Written May 19th, 2020
Having been in Canada for almost eighteen months now, I’ve read quite a few Canadian books, however – I realised a few pages into Robertson Davies’ 1970 novel Fifth Business – none of them have been by middle class white men. Finally, with this – the first part of a trilogy – I have dropped myself into the comforting squall of a middlebrow middle class white male novel, a novel all about white men with [varying amounts of] lots of money doing international travel, cheating on their wives, keeping secrets, writing books, making connections in high places and worrying about trite, meaningless, things.
Though, yes, this is a style of book (acclaimed novel by someone from my own [over-represented] demographic) that I tend to eschew these days, I thoroughly enjoyed Fifth Business and am semi-secretly looking forward to ploughing through the rest of this trilogy over the Summer as there is something far more comforting (to me) in an escapist text like this, rather than an escapist text like Tehanu, in this time of mass global pandemic.
The title of Fifth Business is explained twice in the book – once in an epigraph and, again, in a conversation towards the end of the novel.
Dunstan Ramsey, the narrator and protagonist, is “fifth business”, a character trope associated (apparently) with opera: not the hero, not the heroine, not the confidante, not the villain, but the other person – any other person – needed to make the world around these four important figures function.
Ramsey grows up in a small, southwestern Ontario town called Deptford (a fictionalisation of the worse-named Thamesville) at the start of the 20th century, where aged about 10 he and his friend/rival “Boy Staunton” accidentally hit a pregnant woman (Mrs Dempster) with a snowball which causes her to fall, give birth prematurely and then, forever, be insane. Ramsey from that point onwards feels that this woman is his responsibility (even though it was “Boy Staunton” who threw the stone-packed snowball), and when her “insanity” causes reputational destruction and the end of her marriage, it is Ramsey who helps Mrs Dempster’s maiden aunt keep the “insane” woman safe outside of – and then safely inside of – psychiatric institutions.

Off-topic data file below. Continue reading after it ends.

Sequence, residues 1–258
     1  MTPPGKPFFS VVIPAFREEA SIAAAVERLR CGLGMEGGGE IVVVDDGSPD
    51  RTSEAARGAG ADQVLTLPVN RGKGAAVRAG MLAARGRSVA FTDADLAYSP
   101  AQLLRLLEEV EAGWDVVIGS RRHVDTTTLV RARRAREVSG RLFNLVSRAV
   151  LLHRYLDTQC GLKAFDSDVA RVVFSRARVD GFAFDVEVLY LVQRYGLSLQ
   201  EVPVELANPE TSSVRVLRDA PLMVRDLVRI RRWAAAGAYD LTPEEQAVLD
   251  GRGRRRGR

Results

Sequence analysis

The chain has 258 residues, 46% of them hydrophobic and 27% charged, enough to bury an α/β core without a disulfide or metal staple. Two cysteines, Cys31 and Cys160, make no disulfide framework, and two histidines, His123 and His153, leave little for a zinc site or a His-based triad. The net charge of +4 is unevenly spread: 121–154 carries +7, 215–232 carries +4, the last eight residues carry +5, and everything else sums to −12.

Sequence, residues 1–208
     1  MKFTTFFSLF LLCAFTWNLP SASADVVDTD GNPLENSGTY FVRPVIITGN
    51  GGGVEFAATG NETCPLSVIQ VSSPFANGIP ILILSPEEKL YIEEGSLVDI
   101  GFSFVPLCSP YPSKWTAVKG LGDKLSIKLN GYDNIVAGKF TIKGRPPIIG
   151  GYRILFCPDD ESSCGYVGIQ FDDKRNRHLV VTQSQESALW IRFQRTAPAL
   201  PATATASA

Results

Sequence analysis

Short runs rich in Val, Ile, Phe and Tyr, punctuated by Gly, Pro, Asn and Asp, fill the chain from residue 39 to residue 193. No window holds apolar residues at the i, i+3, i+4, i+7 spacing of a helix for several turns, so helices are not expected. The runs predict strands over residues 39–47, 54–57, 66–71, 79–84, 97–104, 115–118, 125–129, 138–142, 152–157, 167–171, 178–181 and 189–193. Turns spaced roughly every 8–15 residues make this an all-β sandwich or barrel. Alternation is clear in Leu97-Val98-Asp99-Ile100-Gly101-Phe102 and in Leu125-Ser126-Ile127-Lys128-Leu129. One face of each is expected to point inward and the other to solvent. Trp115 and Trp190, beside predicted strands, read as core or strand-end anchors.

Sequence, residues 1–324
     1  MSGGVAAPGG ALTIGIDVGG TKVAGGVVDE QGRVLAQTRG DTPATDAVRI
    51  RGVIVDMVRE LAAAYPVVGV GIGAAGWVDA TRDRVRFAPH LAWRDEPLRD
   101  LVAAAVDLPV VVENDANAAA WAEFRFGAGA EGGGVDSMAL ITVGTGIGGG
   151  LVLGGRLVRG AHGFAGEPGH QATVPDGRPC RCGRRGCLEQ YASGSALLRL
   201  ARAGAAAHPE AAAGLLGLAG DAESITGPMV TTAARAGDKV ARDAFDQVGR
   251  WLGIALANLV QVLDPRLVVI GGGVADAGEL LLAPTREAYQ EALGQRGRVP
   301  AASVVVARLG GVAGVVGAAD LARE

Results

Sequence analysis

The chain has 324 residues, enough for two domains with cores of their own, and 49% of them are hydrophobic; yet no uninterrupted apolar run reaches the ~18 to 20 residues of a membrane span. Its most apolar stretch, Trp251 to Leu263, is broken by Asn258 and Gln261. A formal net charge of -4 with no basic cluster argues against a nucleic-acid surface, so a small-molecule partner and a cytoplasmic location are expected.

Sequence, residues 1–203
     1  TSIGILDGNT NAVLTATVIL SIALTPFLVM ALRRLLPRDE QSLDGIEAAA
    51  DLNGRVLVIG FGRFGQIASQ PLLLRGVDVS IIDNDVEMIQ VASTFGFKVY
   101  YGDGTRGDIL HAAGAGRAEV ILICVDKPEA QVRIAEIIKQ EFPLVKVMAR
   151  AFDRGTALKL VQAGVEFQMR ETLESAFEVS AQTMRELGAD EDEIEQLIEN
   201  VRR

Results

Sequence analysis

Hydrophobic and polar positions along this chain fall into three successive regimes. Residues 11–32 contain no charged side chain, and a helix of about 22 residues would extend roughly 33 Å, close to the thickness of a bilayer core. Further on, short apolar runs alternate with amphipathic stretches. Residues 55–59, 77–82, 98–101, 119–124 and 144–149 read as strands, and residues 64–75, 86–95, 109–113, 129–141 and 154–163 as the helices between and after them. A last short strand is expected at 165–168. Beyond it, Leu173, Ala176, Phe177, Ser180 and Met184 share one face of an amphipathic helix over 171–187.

Mrs Dempster’s prematurely born son, Paul, runs off with the circus aged ten, where (in exchange for very-casually discussed sexual favours) he learns how to become a master magician/illusionist. He reappears in the narrative of Ramsey’s life many decades later.
Ramsey becomes convinced that Mrs Dempster is some kind of secular saint, ascribing to her three miracles. The first is when she has sex with a homeless man who then becomes the manager of a successful homeless charity, the second is when she holds a hand and “causes” the recovery from pneumonia of Ramsey’s elder brother (who then dies almost immediately afterwards in the trenches of World War One), and the third is when – after being shot during his own time at war – he sees a vision of her face just before passing out from bloodloss then regaining consciousness months later in a hospital being looked after by a sexy nurse (who obviously he shags – it’s that kinda novel).
Boy Staunton becomes a sugar magnate with political aspirations, Ramsey becomes an expert on saints with numerous bestsellers to his name, while also remaining a teacher at a prestigious private school, while Paul Dempster becomes the greatest magician/showman in the world.
The stakes are – because everyone is successful and comfortable and seems to be adequately sexed – very low, which I suppose is what makes this comforting. The Wall Street Crash is weathered by Ramsey due to key advice from Boy Staunton, and his sideline writing career means he is a very affluent man by the novel (and his career’s) end.
Strangely, the premise of the entire text is that Ramsey is writing a book-length rebuttal to the headteacher of the school he taught at in response to a brief, unflattering, bio of him that appeared in the recent school newsletter on the occasion of his retirement. There is lots of casual sexism which is hard to know (it’s 1970!) if this is meant to be read as a damning character flaw in the protagonist/narrator, or if instead it’s just Robertson Davies being himself.
Nothing matters, really: no one is hungry, no one is too horny, and the only people who appear as unhappy are the peripheral female characters who aren’t really given particularly rounded personalities.
Because it was fun and easy and bounced along well, I’ll read the other two books in the trilogy, but if Davies fails to create a more grounded female character when he no longer has the distancing excuse of Dunstan Ramsey’s narration, then I’ll maybe be a bit meaner in my comments about the next volume.
Enjoyable, middle of the road, 20th century male fiction. Only it’s Canadian, not British, so I have an excuse to read it.